Next, we need to be able to effectively correlate the information in the json files to an emotional state. We decided to use a neural net for this part of the project. A neural net seems to naturally fit this problem, as we need need to take a state consisting of a constant number of inputs, which could have a huge combination of value, and associate it with an output. Currently, we are using a model with 40 input nodes, 4 hidden layers each with 160 nodes, and 4 output nodes. Instead of feeding the network with the coordinates of the picture, we fed the ratio of the position compared to either the width or the height of the face. The outputs correspond to the 4 emotional states presented in our database. To train our agent, we used the known emotional state of the image as the desired output. The neural net is made with Keras library, which is easy to build and can be saved for further use.

In order to run and evaluate our solution, we needed a suitable set of images containing faces, preferably already classified by emotion. We decided to use the Chicago Face Database, a free set of photographs of faces and norming data developed by psychology researchers at the University of Chicago. The database contains several photographs showing different emotions for 158 subjects in the categories: black female, black male, white female, and white male. Each has a neutral, open mouth happy, closed mouth happy, angry, and fearful image. In a few cases, the creators decided an image was not usable and it is not included in the set. We set aside one subject from each category for testing and the rest are used to train our agent.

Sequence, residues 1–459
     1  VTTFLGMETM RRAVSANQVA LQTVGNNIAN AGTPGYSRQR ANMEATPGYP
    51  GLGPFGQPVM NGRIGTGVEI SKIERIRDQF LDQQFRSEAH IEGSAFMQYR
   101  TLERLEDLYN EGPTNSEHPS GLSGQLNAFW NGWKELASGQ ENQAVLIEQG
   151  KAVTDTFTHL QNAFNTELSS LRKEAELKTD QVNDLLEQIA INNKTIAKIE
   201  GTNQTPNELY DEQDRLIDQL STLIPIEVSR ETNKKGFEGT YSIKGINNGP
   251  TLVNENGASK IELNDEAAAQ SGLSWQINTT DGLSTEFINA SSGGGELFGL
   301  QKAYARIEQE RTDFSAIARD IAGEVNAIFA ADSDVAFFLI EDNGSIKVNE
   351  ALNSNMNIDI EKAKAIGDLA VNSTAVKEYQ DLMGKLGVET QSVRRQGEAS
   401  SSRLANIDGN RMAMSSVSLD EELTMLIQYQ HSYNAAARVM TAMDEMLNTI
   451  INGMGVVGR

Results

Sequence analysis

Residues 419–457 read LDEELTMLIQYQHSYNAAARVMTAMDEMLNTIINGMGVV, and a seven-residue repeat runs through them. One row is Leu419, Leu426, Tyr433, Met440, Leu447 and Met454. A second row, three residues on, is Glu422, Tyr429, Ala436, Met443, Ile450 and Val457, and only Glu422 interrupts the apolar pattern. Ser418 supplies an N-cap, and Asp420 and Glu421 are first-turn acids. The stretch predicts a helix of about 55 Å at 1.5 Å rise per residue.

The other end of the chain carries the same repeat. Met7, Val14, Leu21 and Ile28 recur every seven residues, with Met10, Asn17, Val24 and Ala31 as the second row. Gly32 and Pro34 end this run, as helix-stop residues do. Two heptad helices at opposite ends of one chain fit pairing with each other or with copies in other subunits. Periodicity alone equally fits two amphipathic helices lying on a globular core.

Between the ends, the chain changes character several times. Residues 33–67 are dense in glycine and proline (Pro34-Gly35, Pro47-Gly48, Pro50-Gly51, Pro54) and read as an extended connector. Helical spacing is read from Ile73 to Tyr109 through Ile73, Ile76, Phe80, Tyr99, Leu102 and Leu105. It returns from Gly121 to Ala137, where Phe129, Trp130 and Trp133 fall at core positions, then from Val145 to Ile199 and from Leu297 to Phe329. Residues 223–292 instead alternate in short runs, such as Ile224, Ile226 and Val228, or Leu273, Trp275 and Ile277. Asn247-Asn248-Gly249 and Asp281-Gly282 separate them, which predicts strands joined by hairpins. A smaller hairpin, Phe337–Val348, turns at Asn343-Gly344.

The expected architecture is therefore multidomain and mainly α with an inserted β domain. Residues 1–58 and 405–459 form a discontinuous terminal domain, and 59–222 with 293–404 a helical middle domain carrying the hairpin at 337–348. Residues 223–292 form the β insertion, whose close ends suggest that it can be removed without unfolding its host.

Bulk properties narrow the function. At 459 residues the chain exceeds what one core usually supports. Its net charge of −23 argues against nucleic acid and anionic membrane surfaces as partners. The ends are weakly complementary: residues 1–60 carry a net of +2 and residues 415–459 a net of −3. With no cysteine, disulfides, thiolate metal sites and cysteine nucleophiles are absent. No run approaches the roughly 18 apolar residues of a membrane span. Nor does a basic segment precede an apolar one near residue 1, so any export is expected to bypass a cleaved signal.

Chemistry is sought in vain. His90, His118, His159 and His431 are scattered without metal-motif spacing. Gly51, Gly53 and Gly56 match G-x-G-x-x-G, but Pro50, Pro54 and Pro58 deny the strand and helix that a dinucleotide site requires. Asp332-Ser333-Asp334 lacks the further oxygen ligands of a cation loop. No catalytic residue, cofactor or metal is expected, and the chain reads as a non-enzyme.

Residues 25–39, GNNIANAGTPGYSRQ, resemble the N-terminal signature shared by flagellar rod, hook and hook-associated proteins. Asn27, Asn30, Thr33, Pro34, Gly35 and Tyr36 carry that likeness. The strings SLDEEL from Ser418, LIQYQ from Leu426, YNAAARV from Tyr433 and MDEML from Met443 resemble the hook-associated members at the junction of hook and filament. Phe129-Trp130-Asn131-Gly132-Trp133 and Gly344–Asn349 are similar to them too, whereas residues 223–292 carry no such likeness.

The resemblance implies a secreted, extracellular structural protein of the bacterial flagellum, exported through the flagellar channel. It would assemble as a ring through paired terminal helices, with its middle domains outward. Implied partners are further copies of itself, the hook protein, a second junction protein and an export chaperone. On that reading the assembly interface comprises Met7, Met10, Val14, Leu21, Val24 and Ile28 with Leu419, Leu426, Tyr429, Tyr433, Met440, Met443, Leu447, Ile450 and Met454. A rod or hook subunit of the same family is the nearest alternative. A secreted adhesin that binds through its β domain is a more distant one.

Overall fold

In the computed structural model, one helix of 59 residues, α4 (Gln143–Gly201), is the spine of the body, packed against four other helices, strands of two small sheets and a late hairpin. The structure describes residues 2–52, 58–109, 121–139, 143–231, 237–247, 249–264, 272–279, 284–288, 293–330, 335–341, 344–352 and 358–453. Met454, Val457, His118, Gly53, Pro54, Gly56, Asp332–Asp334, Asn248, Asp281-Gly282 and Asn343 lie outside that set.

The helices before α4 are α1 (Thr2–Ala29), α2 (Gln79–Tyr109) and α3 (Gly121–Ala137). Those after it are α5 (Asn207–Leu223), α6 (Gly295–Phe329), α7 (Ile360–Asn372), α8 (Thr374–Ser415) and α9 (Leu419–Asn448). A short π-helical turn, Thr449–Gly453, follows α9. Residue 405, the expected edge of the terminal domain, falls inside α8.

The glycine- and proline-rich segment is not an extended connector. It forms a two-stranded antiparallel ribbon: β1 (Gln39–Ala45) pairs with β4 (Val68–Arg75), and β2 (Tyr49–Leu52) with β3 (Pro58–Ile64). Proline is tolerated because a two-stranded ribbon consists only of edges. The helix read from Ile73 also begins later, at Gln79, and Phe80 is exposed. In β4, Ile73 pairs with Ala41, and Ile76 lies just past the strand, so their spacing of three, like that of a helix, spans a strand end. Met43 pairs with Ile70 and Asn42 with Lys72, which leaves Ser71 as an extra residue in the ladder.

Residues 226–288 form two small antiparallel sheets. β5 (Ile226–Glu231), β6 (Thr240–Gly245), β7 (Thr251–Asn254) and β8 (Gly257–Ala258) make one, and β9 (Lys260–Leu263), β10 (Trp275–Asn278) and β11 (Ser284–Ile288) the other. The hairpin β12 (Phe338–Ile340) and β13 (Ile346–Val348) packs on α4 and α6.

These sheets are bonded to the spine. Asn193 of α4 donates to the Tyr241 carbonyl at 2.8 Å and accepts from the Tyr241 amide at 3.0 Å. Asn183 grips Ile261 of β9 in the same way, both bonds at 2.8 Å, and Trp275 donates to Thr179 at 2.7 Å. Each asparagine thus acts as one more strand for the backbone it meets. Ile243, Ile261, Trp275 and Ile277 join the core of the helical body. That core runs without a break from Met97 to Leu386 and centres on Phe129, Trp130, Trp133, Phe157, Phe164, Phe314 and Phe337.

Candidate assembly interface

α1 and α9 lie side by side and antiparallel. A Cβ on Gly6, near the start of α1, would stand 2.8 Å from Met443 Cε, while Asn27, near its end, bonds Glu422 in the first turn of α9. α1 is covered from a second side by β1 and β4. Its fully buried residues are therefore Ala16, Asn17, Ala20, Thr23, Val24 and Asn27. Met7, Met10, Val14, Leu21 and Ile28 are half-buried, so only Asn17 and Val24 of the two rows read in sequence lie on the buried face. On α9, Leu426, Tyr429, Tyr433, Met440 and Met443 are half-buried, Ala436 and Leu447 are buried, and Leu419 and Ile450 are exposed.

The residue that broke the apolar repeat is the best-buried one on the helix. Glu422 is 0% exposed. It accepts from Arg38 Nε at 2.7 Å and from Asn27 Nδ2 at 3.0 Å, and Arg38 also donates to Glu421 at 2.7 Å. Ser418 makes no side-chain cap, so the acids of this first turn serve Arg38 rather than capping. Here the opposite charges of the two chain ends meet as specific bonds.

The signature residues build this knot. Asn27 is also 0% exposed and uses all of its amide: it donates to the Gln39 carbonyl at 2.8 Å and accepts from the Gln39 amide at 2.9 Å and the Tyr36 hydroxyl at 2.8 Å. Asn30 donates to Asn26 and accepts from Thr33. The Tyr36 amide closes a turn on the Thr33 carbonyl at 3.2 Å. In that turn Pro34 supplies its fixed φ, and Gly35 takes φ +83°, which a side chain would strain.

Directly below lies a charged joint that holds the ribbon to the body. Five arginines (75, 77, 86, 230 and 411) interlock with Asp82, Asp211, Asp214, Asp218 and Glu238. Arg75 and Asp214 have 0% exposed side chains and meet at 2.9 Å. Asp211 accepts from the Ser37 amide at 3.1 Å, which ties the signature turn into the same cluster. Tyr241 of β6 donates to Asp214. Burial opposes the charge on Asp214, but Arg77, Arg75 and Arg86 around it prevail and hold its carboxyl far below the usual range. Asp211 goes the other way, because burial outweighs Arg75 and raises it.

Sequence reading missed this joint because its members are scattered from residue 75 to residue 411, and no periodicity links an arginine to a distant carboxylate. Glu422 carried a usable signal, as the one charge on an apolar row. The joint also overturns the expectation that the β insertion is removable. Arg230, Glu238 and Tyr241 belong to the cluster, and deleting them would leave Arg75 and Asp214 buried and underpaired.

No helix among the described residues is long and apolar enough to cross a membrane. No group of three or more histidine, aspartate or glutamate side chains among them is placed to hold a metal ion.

Black Male
White male

We ran our trained agent on several faces from different races and genders. The agent performs the best in the happy faces, but sometimes can not distinguish between neutral faces and angry faces. The result might have been caused by the way we trained the agent. Since we are feeding the relative coordination of each recognized spot on the face, it can be possible that the agent is not able to capture the slight difference between neutral faces and angry faces. In reality, it can be really hard to tell whether people are angry from their faces unless they want you to know. Most of the pictures of angry faces do not have significant difference with neutral faces. Also, because we convert our input images to json files, some important information that indicates the difference between neutral faces and angry faces might be lost in this transference, such as the cheek, and the angle of eyebrow. Therefore, the prediction of our agents is of a good accuracy.

To improve the performance of our agents, we may need to also categorize the input by race and gender because the difference in facial features can also affect the accuracy of the prediction. We may also consider to add Asian and Latino to make our agent less biased in the prediction. Also, if possible, we may also need to train with images other than CFD because the CFD is a clean database, and our agent will not be as good when predicting on pictures with less clarity and different head positions.

Utopia And Dystopia: